Mattern v. Carberry

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[Civ. No. 19198. First Dist., Div. Two. Nov. 22, 1960.]

IDA E. MATTERN, Respondent, v. MATTHEW C. CARBERRY et al., Defendants; EDWARD F. PIERCE et al., Appellants.


W. O. Weissich for Appellants.

Joseph A. Brown for Respondent.



Defendants and appellants Edward Pierce and Betty Pierce appeal from a default judgment enjoining an execution sale of plaintiff and respondent Ida Mattern's real property.

The facts are without dispute. Respondent took title to the property in question by a grant deed from Bertie Parkhurst executed April 1, 1950, and recorded on April 24, 1950. On July 6, 1950, the appellants Pierce brought suit in the Superior Court of Marin County against Parkhurst on an indebtedness that had existed for some time prior to April 1, 1950, and were awarded a judgment on January 31, 1952, in said action. The respondent was not a party to that action and the appellants did not have a judgment against her.

The appellants Pierce also filed suit against respondent and Parkhurst in the San Francisco Superior Court on January 10, 1952, to set aside the conveyance as fraudulent. That action was dismissed in September 1957 by the court for failure to bring it to trial within five years after filing. (Code Civ. Proc., § 583.)

The defendant Carberry, Sheriff of the City and County of San Francisco, acting under a writ of execution issued out of the Superior Court of Marin County, levied execution upon respondent's San Francisco real property on August 15, 1957. The respondent filed the present action to enjoin [186 Cal. App. 2d 572] the execution sale on August 28, 1957. The appellants' answer, which sets forth the defense of fraudulent conveyance, was stricken by the court on the ground that dismissal of their prior suit was res judicata on the issue, and the default judgment, the subject of this appeal, was thereafter entered in July 1959.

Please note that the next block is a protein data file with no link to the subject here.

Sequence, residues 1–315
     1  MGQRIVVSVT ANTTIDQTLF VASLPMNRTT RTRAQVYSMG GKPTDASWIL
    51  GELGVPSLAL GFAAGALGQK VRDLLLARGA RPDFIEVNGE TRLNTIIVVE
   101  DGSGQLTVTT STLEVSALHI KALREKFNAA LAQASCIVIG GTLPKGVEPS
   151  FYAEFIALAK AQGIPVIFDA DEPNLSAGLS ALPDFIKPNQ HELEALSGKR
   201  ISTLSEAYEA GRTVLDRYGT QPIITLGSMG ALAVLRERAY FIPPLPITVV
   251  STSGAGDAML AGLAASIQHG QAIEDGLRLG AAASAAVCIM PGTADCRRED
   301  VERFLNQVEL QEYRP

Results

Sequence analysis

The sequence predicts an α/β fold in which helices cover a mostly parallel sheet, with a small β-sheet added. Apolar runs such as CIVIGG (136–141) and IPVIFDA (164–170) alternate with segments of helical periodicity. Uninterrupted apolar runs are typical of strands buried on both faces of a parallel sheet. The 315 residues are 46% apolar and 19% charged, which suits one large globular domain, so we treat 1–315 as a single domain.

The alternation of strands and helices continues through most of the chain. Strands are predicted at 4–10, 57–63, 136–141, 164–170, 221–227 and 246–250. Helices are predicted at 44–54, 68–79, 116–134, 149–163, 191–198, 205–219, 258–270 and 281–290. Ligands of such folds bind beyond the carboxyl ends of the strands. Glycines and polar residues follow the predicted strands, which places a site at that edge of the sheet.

[1] A creditor may take action against a fraudulent conveyance by suing to have it set aside or he can disregard the conveyance and levy execution upon the property. (Civ. Code, § 3439.09.) Such remedies are alternatively available to a defrauded creditor.

The sole issue raised on appeal, the availability of levying execution on respondent's property, depends upon whether the dismissal of appellants' suit to set aside the conveyance for fraud for lack of prosecution was res judicata upon the question of fraudulent conveyance.

[2] It is established California law that a dismissal for want of prosecution is not on the merits and therefore does not operate as res judicata to a subsequent proceeding. (Gonsalves v. Bank of America (1940), 16 Cal. 2d 169, 172 [105 P.2d 118]; Taliaferro v. Riddle (1959), 167 Cal. App. 2d 567, 569 [334 P.2d 950]; Johnston Realty Corp. v. Showalter (1926), 80 Cal. App. 176, 180 [250 P. 289] involving dismissals pursuant to Code Civ. Proc., § 581a, for failure to serve defendants within three years of filing; and Lord v. Garland (1946), 27 Cal. 2d 840, 850 [168 P.2d 5]; Superior Oil Co. v. Superior Court (1936), 6 Cal. 2d 113, 117 [56 P.2d 950] involving dismissals pursuant to Code Civ. Proc., § 583, for failure to bring an action to trial within five years of filing.)